• Institute a passive fundraising program at school We, as school leaders, need to be sensitive to the feelings of parents regarding fundraising. Whether it’s turning kids into salesmen that bothers them or a tough economy makes it more difficult to give, we need to take into account the situations families find themselves in today and respond accordingly. Of course, we can’t just give up. Our school budgets are desperate for infusions of capital. But, we can be smarter than we have been in the past. We can implement passive fundraising tools, such as recycling drives, online magazine sales, auctions, garage sales, and the kind. For more ideas on passive fundraising, please click here.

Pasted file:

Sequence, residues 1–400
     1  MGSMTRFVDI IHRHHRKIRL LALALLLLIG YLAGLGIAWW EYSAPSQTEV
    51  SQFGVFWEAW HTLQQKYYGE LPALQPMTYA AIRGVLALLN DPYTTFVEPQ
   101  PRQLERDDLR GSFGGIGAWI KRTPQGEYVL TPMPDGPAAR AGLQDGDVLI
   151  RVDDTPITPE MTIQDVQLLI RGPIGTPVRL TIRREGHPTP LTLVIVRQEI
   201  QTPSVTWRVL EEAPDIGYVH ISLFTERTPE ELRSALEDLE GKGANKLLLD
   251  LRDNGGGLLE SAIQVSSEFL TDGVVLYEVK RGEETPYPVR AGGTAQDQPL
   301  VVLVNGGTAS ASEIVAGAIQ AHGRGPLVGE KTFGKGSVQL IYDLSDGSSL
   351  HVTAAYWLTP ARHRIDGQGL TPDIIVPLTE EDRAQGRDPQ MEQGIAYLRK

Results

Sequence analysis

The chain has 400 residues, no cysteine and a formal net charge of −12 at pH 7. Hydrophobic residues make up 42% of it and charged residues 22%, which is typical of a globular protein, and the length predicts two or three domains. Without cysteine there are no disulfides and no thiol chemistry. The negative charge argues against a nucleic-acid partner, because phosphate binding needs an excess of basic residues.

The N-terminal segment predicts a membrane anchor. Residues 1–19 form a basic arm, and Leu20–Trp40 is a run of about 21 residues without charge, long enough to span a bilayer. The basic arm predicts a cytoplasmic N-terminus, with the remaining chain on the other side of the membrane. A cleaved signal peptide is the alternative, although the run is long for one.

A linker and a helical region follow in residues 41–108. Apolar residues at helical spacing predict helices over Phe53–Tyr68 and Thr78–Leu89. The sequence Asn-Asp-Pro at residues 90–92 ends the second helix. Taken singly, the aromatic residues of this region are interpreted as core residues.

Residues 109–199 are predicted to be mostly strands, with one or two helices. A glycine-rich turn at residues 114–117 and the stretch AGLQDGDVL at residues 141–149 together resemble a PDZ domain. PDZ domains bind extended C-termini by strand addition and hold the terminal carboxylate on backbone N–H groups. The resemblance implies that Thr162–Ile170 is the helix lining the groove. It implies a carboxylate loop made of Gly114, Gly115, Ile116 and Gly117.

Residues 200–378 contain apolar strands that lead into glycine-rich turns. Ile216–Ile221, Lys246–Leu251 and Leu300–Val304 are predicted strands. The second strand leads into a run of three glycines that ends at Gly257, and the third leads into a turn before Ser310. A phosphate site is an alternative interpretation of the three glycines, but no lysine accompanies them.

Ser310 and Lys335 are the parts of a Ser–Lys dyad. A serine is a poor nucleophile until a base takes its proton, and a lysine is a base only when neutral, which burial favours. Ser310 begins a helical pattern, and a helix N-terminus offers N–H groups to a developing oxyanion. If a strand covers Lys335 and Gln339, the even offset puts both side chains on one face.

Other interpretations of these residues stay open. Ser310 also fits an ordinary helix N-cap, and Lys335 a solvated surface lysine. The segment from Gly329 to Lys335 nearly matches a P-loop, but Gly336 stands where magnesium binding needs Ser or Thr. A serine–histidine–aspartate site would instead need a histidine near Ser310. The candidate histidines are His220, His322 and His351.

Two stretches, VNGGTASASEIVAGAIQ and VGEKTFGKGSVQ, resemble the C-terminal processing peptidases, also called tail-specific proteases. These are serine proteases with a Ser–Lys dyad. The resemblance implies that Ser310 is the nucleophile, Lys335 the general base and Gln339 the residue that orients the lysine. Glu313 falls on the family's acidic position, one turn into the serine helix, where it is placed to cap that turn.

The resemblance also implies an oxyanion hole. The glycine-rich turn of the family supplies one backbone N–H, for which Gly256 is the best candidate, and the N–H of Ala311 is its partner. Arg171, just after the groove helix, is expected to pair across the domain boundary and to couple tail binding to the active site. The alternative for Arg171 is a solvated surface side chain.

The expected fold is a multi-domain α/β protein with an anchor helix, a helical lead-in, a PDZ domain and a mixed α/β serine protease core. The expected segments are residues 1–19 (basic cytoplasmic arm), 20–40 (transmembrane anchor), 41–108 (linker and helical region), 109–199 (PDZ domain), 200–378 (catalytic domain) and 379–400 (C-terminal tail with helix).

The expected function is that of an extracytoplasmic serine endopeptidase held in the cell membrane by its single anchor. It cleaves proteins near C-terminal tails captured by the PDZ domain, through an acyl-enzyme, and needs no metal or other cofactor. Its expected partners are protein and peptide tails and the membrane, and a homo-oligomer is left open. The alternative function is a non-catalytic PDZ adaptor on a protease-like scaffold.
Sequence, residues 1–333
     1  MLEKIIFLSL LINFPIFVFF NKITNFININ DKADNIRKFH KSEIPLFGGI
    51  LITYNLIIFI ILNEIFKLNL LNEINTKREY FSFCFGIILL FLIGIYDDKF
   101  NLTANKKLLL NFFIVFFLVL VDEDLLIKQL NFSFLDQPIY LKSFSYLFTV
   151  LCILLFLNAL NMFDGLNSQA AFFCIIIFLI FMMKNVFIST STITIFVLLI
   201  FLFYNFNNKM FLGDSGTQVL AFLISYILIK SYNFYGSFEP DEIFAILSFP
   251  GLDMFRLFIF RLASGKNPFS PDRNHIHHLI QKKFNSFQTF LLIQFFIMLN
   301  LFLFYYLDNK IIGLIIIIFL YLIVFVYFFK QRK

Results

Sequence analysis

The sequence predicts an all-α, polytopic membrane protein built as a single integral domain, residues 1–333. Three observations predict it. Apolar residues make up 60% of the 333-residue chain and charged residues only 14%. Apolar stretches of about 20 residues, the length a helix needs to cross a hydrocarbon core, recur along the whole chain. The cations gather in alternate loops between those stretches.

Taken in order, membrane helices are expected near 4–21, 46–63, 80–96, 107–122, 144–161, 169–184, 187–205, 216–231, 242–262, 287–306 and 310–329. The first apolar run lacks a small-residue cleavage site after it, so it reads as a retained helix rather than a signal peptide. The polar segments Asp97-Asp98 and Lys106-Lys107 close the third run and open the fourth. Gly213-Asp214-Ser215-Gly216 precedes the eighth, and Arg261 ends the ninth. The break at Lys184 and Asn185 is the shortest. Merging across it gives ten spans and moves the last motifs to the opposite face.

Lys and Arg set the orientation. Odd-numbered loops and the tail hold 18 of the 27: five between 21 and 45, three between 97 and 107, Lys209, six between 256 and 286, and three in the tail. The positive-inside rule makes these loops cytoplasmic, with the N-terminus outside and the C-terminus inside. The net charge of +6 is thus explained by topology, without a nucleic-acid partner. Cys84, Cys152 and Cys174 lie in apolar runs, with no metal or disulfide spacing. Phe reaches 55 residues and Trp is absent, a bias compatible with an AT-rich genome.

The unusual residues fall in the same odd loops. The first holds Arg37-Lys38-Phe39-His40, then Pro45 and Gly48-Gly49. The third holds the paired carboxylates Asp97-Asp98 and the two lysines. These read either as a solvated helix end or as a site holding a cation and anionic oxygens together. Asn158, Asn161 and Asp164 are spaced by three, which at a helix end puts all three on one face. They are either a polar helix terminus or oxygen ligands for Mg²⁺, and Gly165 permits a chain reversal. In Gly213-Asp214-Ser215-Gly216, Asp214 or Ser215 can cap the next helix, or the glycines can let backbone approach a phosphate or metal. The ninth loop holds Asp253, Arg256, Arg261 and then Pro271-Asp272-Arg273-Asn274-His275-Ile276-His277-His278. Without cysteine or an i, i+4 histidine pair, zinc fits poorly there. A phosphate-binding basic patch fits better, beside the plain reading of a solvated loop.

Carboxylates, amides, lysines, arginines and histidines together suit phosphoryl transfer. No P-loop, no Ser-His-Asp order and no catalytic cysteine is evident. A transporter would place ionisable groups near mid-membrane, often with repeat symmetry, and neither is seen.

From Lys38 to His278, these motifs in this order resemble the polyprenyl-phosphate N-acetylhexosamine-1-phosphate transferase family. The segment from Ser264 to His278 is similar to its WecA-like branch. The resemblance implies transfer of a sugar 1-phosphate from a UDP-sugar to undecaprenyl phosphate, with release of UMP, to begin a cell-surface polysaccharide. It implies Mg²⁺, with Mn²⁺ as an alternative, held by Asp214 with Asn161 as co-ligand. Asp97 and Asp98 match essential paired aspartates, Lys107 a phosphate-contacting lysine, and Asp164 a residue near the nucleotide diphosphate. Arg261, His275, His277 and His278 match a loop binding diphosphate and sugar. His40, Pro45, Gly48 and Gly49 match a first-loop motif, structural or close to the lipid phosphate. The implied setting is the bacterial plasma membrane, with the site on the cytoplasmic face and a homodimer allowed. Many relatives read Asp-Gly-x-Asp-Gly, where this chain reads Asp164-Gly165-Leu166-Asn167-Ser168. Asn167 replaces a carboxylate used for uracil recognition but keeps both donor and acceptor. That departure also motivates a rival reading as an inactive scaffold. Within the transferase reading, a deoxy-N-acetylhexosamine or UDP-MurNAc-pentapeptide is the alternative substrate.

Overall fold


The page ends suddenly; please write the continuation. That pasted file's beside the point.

• Eliminate low-participation, low income fundraisers, and replace them with higher percentage, more popular events If we want people to participate in our fundraising events, we have to make sure they are the very best products, events, and activities. Fortunately, we have the Internet to help guide us. There are so many online resources available that can give you fresh ideas to try at your school. You can find testimonials from other schools as to how certain events worked or didn’t work. I would also recommend that you survey your families to see what they like and don’t like. Listen to your people. Lastly, evaluate the percentage of your profit from each activity. If you aren’t making at least 50% on a product sale, for instance, you should be concerned that you do not have a good deal.